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Obesity: Now a leading killer


Text by Henrylito D. Tacio

Photos courtesy of WHO and World Obesity Federation

A new enemy is emerging in the 21st century — our appetite. Gluttony has become a way of life instead of an exception. Today, obesity is more of a life and death issue rather than just simply looking “bad.” In fact, it is fast becoming one of the world’s leading reasons why people die.

“Obesity affects people of all ages and all social groups. It is already threatening the future well-being and longevity of many youths, as well as the economic prosperity of countries,” deplored the Geneva-based World Health Organization (WHO).

Around the world, more than one billion adults are overweight – and at least 300 million of them are clinically obese. Overweight is defined by a body mass index (BMI) greater than 25, while obesity relates to a BMI of 30 or above. The BMI is calculated by dividing body weight (in kilograms) by height (in meters) squared. For example, a person who is 1.7 meters tall and weighs 65 kilograms would have a BMI of 22.5.

There is a misconception that obesity is common only in industrialized countries like the United States, United Kingdom, and Australia. But obesity is fast spreading across the globe. There are now more fat people in the world than hungry people, reports the International Obesity Taskforce (IOT).

In extreme cases, people who are overweight since childhood could die as much as five to 10 years early. “The developing world in particular is going to bear the enormous brunt of this weight gain,” deplored Dr. Neville Rigby, IOT policy director.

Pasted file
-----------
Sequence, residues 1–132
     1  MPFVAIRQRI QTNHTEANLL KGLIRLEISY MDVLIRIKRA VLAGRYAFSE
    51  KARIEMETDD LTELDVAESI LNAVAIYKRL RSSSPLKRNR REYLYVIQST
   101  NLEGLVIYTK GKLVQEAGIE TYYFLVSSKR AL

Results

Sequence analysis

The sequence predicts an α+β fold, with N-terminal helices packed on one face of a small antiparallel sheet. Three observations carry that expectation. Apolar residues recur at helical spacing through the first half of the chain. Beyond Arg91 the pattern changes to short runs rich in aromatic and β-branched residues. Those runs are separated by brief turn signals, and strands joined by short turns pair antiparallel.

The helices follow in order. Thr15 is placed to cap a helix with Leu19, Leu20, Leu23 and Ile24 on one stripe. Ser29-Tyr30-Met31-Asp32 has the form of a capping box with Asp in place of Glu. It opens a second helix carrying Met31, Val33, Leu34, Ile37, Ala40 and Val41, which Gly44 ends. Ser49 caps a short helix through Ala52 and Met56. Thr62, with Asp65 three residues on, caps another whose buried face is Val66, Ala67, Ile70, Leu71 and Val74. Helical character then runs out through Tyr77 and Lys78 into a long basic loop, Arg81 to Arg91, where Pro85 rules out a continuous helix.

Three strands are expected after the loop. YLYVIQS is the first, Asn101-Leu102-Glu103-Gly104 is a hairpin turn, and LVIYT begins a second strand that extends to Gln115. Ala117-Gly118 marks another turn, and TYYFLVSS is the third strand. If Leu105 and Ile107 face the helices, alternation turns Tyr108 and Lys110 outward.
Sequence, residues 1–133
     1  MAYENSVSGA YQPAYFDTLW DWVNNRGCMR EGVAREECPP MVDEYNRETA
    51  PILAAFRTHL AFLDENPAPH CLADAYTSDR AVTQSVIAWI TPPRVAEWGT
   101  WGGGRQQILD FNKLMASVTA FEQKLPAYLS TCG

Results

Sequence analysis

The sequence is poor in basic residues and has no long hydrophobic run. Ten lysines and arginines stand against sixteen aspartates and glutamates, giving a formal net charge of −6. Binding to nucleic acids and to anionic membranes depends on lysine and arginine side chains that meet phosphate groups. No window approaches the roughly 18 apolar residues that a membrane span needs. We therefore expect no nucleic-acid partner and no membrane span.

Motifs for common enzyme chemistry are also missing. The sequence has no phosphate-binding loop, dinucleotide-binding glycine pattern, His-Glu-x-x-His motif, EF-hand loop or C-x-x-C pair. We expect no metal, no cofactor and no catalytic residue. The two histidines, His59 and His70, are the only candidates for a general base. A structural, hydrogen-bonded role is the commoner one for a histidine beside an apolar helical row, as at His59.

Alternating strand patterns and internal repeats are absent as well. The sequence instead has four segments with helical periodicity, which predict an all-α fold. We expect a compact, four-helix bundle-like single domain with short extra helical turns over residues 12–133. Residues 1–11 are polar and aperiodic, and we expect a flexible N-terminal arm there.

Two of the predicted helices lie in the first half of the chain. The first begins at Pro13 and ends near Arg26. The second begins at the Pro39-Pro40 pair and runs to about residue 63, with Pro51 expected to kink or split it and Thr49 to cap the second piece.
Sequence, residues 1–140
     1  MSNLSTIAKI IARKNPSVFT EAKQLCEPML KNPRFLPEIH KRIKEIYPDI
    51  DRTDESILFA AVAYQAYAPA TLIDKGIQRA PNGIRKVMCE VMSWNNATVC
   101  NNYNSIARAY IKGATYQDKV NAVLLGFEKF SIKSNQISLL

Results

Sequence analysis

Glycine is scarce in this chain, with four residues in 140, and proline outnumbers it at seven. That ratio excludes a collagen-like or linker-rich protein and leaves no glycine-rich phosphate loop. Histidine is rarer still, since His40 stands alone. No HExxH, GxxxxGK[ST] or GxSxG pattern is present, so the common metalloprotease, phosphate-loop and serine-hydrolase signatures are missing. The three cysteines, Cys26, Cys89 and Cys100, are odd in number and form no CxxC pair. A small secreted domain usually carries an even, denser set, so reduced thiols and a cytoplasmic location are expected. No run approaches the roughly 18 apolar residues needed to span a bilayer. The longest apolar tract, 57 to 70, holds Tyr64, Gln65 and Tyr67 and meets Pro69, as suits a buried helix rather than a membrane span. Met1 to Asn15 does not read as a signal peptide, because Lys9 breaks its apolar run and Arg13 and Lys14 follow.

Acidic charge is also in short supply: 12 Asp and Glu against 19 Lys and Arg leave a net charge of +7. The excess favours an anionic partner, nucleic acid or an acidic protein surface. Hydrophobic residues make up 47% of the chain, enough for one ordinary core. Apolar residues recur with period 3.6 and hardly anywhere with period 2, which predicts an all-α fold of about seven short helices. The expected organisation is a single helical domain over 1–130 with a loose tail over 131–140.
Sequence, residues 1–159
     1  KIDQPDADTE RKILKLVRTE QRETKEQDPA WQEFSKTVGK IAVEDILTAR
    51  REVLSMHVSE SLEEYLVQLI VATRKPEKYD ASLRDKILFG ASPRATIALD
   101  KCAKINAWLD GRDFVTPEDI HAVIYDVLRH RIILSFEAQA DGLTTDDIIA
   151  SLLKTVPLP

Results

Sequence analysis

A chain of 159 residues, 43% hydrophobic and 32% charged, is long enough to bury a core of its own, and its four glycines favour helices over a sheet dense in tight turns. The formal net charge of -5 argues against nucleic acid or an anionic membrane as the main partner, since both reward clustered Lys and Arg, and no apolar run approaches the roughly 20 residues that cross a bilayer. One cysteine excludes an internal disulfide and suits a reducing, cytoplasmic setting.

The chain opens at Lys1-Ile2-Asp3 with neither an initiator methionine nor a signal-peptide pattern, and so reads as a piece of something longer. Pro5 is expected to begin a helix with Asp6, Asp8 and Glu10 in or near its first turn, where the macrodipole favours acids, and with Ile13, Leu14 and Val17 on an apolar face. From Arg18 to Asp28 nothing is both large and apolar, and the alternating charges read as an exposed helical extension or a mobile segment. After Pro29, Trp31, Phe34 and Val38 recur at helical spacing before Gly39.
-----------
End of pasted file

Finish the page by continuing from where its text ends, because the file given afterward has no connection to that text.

Obesity often affects only adults. But in recent years, children are not spared from this health burden. In fact, there is such a thing as childhood obesity. A 2004 IOTF study showed 155 million children between the ages of five and 17 worldwide who are overweight, with 30 to 45 million of them regarded as obese. In the Philippines, 1.8 percent of boys and 0.8 percent of girls between the ages of six and ten are overweight.

“We should fight off the common mistakes of Filipinos that overweight children are ‘cute.’ It is not!” urged Dr. Ramon F. Abarquez, Jr. when he was still alive. “Healthy kids are not overweight or underweight. We should teach them proper eating habits and healthy lifestyle choices while they were young.”


“We’re in the midst of an obesity epidemic,” decries Dr. John Foreyt, one of the world-renowned authorities on obesity. “We have to start in the young and develop healthy lifestyle habits, particularly in our dietary preferences, to prevent becoming obese and developing all sorts of cardiovascular problems.”

A couple of years back, a nutrition expert said the Philippines has the third “fattest population” in Asia – after Malaysia and Singapore. Currently, about 500,000 Filipinos are suffering from obesity. What is alarming is that some of these obese are still teenagers.

Although not a medical emergency, Dr. Ian Caterson urged government health officials to do something about it now — before obesity becomes pandemic. “Obesity has a significant impact on both the health of a nation and its health bill,” said the Australian professor of nutrition during the Third Scientific Meeting on Obesity in Malaysia. “Obesity increases the risk of heart disease, diabetes, gallstones, fatty liver, back problems and osteoarthritis. In addition, being obese increases your risk of cancer and infertility.”

According to the Philippine Obesity Control Surgery Team, obese people are at a much higher risk of developing type 2 diabetes (which is a result of a high blood sugar level). Also, obesity can triple the risk of heart disease. One-third of all deaths globally — about 17 million — are blamed on heart disease, stroke, and related cardiovascular problems.

Lack of sleep used to be seen as a disorder brought about by stress and environmental factors, but recent studies have shown that sleeping disorders like sleep apnea can also be caused by obesity. Sleep deprivation can lead one person to have a low energy level which deters them from doing physical activities during the day and ultimately gain more weight. This cycle traps an obese person even more.